Exercise 10.1: The WordList program from Section 10.3 reads a text file and makes an alphabetical list of all the words in that file. The list of words is output to another file. Improve the program so that it also keeps track of the number of times that each word occurs in the file. Write two lists to the output file. The first list contains the words in alphabetical order. The number of times that the word occurred in the file should be listed along with the word. Then write a second list to the output file in which the words are sorted according to the number of times that they occurred in the files. The word that occurred most often should be listed first.
Exercise 10.2: Write a program that will count the number of lines in each file that is specified on the command line. Assume that the files are text files. Note that multiple files can be specified, as in "java LineCounts file1.txt file2.txt file3.txt". Write each file name, along with the number of lines in that file, to standard output. If an error occurs while trying to read from one of the files, you should print an error message for that file, but you should still process all the remaining files.
Exercise 10.3: Section 8.4 presented a PhoneDirectory class as an example. A PhoneDirectory holds a list of names and associated phone numbers. But a phone directory is pretty useless unless the data in the directory can be saved permanently -- that is, in a file. Write a phone directory program that keeps its list of names and phone numbers in a file. The user of the program should be able to look up a name in the directory to find the associated phone number. The user should also be able to make changes to the data in the directory. Every time the program starts up, it should read the data from the file. Before the program terminates, if the data has been changed while the program was running, the file should be re-written with the new data. Designing a user interface for the program is part of the exercise.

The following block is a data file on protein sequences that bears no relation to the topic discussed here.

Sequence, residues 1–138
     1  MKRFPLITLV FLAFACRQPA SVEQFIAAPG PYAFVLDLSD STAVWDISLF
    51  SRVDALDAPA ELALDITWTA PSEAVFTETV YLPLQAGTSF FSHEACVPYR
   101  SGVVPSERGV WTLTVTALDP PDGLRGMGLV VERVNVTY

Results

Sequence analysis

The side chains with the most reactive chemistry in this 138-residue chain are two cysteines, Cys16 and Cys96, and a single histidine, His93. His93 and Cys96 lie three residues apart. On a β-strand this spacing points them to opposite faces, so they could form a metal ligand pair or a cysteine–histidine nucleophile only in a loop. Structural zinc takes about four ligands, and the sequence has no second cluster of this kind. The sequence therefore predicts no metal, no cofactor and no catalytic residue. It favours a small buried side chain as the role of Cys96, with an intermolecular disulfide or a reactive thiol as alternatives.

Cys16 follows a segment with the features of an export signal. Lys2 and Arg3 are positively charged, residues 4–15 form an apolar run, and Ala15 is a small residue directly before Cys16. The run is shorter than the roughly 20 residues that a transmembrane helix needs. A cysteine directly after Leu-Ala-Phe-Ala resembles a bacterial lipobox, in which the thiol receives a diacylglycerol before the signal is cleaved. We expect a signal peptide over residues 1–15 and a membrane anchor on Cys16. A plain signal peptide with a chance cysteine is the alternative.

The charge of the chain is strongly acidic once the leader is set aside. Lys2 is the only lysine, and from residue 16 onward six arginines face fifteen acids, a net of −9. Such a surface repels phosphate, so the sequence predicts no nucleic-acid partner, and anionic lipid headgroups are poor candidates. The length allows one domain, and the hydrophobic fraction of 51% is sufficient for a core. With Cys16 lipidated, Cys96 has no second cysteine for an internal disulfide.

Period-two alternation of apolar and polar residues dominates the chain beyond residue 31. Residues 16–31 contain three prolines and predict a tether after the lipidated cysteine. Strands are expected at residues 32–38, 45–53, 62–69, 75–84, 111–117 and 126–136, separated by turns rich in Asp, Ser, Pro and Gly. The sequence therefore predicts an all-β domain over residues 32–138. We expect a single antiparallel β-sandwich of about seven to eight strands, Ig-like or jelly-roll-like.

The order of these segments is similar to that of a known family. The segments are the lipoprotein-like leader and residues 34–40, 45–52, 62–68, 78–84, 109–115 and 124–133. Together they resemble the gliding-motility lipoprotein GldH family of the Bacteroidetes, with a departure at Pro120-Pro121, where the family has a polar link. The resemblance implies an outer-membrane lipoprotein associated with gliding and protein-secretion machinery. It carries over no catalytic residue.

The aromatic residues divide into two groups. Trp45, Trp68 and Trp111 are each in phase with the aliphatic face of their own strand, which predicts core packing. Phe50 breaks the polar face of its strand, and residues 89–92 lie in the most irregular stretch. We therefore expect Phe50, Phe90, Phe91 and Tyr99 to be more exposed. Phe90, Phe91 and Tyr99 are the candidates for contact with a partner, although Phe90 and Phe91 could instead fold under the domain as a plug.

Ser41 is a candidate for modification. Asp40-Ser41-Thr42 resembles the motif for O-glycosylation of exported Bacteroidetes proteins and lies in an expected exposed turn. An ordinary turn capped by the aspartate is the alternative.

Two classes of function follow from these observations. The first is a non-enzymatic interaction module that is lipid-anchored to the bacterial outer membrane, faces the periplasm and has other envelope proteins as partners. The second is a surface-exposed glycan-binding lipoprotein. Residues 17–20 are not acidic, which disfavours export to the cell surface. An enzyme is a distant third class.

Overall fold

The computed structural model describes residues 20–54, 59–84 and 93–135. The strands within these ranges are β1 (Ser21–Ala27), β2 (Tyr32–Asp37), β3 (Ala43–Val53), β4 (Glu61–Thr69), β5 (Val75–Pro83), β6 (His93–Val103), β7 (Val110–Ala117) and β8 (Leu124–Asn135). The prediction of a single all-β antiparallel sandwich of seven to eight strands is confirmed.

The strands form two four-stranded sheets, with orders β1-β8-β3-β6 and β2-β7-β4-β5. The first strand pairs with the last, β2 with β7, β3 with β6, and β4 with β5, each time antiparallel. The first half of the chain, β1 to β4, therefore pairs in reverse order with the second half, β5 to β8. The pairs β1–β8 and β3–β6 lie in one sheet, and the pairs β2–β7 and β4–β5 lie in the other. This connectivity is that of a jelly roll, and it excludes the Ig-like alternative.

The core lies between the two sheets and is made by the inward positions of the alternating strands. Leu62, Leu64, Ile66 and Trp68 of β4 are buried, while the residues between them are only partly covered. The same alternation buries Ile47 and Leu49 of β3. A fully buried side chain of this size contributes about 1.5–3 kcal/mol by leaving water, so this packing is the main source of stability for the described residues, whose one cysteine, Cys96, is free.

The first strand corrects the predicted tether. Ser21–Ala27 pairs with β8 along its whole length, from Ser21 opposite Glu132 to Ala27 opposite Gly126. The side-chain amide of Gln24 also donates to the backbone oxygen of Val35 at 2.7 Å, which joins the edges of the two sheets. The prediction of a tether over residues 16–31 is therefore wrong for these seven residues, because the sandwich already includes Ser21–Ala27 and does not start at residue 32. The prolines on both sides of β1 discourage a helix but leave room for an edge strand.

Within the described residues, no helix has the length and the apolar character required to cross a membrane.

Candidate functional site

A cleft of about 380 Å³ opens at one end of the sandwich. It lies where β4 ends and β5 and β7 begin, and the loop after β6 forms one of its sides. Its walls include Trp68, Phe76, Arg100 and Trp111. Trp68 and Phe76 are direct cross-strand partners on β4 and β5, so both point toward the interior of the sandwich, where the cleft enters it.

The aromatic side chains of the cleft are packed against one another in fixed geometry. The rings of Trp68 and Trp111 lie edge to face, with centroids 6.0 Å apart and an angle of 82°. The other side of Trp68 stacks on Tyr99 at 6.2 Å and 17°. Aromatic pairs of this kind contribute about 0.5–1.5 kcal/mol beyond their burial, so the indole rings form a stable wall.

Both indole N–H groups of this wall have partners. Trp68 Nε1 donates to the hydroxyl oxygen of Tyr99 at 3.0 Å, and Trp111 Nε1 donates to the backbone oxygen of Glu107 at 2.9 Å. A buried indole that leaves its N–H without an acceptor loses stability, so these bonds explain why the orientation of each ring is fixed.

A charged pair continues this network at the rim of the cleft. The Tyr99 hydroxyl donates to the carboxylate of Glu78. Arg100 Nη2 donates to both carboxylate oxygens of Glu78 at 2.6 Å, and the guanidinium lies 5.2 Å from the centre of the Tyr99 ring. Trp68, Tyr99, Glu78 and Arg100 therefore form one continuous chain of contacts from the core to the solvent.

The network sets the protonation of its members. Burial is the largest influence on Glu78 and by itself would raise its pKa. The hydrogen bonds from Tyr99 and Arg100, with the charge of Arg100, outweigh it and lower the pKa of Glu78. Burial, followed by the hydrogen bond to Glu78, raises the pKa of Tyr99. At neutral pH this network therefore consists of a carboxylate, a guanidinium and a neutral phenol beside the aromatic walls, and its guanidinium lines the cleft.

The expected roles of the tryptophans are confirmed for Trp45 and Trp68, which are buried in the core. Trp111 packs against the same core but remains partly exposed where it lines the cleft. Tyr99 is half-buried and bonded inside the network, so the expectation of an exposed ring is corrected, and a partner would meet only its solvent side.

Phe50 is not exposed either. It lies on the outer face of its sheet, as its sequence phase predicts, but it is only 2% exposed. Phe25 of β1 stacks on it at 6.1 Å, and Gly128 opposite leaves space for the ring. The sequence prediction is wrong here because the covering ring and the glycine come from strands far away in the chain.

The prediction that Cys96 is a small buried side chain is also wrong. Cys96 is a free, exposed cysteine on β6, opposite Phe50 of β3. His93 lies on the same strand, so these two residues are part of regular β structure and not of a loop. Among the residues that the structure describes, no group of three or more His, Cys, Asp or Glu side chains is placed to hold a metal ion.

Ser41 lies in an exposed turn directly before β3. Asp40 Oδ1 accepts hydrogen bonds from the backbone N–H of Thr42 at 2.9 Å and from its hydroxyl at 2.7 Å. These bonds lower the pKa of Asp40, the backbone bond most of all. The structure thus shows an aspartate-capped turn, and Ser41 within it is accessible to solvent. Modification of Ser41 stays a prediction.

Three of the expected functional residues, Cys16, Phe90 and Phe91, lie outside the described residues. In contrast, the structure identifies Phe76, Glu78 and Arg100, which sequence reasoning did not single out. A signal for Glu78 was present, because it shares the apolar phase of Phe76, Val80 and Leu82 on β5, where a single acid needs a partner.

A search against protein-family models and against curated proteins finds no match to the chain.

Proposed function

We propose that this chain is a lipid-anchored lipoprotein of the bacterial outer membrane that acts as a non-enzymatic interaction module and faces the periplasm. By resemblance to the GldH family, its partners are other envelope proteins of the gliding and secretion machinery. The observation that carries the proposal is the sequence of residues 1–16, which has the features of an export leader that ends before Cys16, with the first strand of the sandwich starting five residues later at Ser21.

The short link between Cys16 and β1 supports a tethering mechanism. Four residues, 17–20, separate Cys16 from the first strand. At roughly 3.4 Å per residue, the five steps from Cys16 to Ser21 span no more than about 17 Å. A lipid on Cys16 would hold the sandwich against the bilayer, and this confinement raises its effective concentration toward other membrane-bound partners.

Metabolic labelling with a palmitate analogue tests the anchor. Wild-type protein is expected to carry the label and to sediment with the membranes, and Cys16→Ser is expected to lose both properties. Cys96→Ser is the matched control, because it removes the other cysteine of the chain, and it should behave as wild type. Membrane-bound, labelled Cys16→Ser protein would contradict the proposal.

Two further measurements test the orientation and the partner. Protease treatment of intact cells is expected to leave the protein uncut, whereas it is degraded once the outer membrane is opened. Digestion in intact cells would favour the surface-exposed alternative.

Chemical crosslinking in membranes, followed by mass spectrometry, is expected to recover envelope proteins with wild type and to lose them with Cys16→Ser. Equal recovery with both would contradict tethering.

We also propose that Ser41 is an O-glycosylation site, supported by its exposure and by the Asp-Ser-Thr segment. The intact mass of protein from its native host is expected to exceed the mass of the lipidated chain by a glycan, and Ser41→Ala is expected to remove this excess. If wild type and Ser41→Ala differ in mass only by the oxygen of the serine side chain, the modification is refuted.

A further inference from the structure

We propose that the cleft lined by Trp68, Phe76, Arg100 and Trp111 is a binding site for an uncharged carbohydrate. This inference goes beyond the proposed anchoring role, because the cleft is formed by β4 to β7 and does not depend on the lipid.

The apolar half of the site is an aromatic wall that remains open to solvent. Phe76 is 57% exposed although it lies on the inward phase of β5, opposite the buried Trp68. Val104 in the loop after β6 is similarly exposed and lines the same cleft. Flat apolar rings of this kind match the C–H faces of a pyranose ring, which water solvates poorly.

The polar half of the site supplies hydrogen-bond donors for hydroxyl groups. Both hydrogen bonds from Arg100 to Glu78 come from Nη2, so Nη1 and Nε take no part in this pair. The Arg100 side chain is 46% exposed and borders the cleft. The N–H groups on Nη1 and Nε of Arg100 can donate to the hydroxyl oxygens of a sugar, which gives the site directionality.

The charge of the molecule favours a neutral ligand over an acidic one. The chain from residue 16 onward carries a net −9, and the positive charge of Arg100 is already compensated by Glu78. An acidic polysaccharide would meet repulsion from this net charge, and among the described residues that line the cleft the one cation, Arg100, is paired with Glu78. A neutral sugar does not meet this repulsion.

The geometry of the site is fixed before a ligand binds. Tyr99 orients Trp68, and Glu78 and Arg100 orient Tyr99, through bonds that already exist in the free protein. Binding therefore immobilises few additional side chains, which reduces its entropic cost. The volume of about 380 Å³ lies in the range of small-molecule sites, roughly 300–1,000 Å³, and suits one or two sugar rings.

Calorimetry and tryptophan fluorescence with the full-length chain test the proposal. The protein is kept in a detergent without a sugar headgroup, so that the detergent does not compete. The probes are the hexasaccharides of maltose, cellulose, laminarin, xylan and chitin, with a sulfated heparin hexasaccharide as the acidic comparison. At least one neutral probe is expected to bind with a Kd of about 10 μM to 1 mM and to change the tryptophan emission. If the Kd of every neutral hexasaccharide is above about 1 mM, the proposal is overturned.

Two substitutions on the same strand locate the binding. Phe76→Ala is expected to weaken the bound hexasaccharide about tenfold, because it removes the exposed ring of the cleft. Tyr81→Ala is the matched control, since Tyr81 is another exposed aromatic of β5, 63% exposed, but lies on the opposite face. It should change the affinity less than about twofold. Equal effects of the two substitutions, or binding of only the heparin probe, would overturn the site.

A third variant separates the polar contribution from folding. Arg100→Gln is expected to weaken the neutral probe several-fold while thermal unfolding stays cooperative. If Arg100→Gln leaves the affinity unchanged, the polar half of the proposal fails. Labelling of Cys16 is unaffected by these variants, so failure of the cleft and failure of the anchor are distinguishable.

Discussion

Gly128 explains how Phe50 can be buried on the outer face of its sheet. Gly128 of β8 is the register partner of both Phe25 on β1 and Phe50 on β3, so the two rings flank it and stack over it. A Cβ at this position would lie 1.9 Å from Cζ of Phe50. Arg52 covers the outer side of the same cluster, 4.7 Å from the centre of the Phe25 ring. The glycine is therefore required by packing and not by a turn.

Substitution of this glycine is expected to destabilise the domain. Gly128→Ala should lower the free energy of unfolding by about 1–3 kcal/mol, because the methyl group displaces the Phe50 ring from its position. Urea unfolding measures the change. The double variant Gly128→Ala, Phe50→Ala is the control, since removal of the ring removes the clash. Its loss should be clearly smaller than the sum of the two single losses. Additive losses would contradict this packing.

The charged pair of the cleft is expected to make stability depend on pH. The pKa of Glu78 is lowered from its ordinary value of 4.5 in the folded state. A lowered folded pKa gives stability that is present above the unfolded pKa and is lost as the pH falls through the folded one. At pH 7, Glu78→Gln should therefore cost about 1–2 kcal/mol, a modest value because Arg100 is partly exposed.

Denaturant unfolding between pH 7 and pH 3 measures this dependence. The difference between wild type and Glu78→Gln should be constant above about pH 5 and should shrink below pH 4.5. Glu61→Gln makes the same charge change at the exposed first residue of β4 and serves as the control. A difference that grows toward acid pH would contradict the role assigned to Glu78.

Exercise 10.4: For this exercise, you will write a network server program. The program is a simple file server that makes a collection of files available for transmission to clients. When the server starts up, it needs to know the name of the directory that contains the collection of files. This information can be provided as a command-line argument. You can assume that the directory contains only regular files (that is, it does not contain any sub-directories). You can also assume that all the files are text files.
When a client connects to the server, the server first reads a one-line command from the client. The command can be the string "index". In this case, the server responds by sending a list of names of all the files that are available on the server. Or the command can be of the form "get <file>", where <file> is a file name. The server checks whether the requested file actually exists. If so, it first sends the word "ok" as a message to the client. Then it sends the contents of the file and closes the connection. Otherwise, it sends the word "error" to the client and closes the connection.
Ideally, your server should start a separate thread to handle each connection request. However, if you don't want to deal with threads you can just call a subroutine to handle the request. See the DirectoryList example in Section 10.2 for help with the problem of getting the list of files in the directory.
Exercise 10.5: Write a client program for the server from Exercise 10.4. Design a user interface that will let the user do at least two things: Get a list of files that are available on the server and display the list on standard output. Get a copy of a specified file from the server and save it to a local file (on the computer where the client is running).
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